The table of contents on home improvement dives into the reasons one may undertake a home renovation project. Perhaps there’s a way for you to build out content around each of these areas. Create a podcast episode around energy-saving renovations, with information about replacing windows, updating insulation, and walking listeners through alternative energy sources, like solar and geothermal. Write a blog post about how to incorporate safety and emergency preparedness measures into a home improvement project, from fire and burglary alarm systems to back up generators that supply power during an outage.

Scan Through Answer the Public

When you’re looking for popular questions related to your search term, I suggest you check out Answer the Public. Simply type in your search term on the homepage, and the tool will create a visual representation of related questions and phrases, and will even provide you with an alphabetical list of related terms.

Audit Existing Content and Create Your Hub Pages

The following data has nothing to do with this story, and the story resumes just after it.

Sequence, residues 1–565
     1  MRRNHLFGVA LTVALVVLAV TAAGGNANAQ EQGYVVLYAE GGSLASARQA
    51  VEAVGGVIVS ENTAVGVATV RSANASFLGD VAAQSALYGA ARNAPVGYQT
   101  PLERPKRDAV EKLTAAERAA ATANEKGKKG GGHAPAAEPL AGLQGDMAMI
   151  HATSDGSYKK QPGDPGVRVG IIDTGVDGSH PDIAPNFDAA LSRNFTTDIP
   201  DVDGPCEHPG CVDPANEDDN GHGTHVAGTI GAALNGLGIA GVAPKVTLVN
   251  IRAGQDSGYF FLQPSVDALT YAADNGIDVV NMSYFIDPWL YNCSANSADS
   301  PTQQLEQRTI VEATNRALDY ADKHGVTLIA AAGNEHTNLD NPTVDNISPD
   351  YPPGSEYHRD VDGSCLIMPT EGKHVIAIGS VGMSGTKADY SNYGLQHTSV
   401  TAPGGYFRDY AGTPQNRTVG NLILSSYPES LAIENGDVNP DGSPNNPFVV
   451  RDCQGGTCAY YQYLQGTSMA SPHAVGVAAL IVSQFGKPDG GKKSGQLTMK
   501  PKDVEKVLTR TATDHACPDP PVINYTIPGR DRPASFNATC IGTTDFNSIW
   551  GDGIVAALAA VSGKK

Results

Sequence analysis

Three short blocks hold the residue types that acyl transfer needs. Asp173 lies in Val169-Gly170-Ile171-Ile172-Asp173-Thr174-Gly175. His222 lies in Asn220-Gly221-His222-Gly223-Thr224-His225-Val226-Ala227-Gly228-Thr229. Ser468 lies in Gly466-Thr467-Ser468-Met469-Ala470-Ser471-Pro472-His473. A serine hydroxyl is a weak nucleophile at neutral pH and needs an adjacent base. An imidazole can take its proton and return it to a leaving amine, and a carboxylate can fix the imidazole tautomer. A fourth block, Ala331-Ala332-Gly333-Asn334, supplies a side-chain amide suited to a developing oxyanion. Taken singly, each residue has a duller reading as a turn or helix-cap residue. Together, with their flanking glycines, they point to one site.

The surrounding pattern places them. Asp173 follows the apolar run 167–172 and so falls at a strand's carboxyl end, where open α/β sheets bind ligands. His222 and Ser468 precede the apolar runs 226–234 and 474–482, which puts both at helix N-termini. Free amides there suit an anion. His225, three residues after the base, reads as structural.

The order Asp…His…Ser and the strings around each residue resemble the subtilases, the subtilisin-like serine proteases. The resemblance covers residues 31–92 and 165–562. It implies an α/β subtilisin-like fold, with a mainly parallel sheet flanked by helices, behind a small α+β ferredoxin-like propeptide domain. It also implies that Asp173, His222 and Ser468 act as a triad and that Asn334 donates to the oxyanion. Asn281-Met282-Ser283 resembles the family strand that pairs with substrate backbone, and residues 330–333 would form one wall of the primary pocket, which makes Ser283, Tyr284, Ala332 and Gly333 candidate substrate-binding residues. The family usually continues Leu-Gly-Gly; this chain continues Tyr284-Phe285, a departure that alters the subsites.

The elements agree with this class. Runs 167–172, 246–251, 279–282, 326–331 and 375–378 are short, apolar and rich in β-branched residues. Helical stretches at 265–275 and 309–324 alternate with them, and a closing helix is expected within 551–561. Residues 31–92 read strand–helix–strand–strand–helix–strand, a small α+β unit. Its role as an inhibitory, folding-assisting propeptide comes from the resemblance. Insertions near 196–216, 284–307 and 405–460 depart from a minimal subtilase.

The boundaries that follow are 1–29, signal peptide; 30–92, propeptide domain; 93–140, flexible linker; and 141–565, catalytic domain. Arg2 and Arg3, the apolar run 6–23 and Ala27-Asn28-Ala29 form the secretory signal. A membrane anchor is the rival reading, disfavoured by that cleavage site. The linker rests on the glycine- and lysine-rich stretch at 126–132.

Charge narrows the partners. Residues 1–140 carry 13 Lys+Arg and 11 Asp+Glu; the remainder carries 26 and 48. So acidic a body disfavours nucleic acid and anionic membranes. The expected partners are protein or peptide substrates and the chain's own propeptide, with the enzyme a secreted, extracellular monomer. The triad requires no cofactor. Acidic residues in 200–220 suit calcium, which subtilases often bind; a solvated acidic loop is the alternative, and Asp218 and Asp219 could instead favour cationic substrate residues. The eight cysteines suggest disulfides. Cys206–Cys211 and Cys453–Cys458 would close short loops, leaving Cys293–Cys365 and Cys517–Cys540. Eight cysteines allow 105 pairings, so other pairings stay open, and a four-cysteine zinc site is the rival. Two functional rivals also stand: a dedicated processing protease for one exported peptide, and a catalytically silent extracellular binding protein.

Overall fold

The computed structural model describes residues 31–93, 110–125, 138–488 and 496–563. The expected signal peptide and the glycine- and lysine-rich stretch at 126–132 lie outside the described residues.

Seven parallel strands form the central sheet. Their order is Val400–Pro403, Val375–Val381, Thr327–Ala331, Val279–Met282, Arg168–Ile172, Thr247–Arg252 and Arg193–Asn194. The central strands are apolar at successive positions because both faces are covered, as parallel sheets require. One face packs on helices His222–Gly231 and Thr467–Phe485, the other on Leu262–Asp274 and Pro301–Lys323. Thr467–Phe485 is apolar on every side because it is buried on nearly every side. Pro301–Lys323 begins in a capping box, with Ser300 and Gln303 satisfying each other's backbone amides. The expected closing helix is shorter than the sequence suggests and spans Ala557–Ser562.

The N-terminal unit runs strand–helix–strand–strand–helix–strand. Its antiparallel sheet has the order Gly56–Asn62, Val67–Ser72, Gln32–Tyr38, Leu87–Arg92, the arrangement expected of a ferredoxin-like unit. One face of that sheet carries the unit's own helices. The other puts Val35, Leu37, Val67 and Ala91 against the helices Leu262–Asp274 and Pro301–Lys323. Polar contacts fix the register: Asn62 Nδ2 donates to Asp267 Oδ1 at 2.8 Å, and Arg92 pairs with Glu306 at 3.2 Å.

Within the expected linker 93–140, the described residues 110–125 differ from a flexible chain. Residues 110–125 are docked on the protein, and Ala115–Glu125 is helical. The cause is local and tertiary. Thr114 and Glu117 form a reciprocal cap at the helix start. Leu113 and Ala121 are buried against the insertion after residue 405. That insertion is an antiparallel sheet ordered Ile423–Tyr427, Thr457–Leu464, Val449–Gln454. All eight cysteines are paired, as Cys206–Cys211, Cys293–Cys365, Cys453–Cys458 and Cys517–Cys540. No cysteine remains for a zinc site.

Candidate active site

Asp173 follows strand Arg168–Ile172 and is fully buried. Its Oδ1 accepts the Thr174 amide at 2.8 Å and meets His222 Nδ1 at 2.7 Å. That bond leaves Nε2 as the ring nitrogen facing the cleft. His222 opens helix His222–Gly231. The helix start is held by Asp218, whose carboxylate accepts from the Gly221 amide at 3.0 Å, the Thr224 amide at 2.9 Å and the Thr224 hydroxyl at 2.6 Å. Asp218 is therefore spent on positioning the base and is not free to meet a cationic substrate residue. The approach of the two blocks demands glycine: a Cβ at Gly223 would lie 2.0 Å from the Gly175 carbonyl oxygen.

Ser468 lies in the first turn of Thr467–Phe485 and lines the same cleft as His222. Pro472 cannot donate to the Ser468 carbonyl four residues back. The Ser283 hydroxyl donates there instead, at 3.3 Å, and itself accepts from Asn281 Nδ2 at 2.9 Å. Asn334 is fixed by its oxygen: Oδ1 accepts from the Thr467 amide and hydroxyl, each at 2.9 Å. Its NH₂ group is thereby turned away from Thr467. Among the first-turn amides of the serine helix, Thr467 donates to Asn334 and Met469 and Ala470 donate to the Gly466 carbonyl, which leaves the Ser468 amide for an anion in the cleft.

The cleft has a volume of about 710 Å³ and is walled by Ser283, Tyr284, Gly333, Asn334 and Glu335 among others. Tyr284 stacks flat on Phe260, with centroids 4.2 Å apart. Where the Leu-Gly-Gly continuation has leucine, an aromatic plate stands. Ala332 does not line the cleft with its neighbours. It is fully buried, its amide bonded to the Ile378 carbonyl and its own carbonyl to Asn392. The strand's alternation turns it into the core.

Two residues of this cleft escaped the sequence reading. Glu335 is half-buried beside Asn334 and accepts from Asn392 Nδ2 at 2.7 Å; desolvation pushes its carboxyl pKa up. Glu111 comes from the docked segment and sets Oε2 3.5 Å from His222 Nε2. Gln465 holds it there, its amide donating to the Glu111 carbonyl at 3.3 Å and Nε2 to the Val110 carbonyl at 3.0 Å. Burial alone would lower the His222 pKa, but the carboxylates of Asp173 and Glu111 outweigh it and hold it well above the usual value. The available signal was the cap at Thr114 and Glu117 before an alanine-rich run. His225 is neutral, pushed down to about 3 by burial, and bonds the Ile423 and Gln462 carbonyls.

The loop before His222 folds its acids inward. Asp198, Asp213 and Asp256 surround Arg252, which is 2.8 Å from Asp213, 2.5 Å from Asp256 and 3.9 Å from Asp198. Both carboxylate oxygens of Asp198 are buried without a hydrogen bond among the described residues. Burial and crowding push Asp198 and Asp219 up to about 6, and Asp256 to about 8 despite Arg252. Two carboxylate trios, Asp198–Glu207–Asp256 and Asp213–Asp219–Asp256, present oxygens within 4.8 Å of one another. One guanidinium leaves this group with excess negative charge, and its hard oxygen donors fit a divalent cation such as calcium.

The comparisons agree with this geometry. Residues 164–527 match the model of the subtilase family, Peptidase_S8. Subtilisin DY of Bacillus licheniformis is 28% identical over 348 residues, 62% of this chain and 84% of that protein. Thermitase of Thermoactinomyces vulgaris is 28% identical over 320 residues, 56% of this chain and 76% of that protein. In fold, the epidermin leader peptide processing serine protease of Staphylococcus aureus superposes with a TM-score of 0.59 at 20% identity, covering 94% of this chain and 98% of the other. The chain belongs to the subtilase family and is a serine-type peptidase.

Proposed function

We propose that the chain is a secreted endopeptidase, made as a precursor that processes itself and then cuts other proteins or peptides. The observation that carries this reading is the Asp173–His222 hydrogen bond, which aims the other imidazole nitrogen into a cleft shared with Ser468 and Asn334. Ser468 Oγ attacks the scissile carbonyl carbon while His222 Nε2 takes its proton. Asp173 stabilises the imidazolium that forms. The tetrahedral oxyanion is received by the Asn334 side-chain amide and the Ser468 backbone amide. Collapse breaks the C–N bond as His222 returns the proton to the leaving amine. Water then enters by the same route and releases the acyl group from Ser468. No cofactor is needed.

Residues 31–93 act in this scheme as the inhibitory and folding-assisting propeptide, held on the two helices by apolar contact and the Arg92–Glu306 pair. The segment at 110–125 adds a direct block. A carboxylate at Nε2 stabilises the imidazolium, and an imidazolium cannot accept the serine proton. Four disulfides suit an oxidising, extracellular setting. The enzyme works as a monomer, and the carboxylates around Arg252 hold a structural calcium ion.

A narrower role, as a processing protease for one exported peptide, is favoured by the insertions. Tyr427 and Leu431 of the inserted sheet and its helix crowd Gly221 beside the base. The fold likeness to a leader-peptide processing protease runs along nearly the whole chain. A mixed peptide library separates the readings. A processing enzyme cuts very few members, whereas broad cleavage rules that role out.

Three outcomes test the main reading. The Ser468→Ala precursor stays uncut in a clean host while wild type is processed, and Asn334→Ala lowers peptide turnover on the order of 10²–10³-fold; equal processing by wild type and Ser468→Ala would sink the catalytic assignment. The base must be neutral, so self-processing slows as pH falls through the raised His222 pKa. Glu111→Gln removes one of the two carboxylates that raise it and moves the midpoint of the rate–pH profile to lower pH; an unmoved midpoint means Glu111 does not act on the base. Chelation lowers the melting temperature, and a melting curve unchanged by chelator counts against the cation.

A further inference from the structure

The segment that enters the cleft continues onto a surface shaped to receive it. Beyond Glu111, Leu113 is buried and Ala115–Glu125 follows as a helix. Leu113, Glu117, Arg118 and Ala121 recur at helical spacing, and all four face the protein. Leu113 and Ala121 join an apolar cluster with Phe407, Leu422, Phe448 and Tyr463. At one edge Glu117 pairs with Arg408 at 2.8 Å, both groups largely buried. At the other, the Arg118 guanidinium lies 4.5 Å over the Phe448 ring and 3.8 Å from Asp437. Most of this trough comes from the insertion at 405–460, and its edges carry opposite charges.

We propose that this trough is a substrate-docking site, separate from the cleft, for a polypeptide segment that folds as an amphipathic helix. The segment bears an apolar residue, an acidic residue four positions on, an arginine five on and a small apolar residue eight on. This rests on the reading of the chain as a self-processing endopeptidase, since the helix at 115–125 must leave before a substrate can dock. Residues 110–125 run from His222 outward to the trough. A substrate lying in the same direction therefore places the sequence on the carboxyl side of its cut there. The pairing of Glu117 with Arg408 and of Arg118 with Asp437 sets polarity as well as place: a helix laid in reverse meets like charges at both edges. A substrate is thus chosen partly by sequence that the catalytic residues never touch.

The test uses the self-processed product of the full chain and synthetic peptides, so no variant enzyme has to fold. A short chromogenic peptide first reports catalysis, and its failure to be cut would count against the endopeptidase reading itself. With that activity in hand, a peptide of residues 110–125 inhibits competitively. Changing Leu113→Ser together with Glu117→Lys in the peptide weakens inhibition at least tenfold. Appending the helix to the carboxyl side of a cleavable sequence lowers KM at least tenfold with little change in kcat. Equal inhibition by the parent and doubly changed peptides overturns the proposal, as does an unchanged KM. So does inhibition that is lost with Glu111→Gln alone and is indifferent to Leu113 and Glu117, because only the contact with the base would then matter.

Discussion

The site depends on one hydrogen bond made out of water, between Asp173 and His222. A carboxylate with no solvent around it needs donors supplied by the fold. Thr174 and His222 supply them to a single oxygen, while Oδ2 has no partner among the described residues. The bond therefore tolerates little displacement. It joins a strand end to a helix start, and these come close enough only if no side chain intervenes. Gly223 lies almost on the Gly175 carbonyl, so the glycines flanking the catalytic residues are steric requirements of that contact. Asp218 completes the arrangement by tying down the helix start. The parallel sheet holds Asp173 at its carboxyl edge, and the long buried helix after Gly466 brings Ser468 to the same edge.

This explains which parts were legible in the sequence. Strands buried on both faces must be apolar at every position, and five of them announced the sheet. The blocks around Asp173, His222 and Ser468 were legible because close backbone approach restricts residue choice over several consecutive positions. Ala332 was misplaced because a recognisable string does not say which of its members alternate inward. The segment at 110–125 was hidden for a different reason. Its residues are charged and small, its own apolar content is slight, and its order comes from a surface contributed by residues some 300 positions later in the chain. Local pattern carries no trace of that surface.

Once you’ve done your keyword research for your client, it’s time to take a look at the content they already have. How does that content align with the relevant keywords you found along the way? Are there ways to tweak the content to speak more directly to searchers’ intent? Are there gaps in the content you can fill with new content that will better address those most relevant search terms?

From here, you can begin to build out hub pages for your client. These pages serve as the go-to guides on a given topic, and it’s easy to hone in on the best topics for hub pages once you’ve done your keyword research and understand what people are really searching for when they research your client’s industry or field. Hub pages have major benefits from both an SEO and content perspective, so creating a handful of effective hub pages should be the ultimate goal of your keyword research.

Keyword research is never done in a vacuum. Great keyword research is at the heart of strong SEO and content creation strategies. It will drive your editorial calendar creation and help you get your clients ranking in SERPs. By following the steps above, you’ll be sure to cover all of your bases and give yourself the greatest shot at happening upon unique keywords that can help your client get noticed in a crowded marketplace.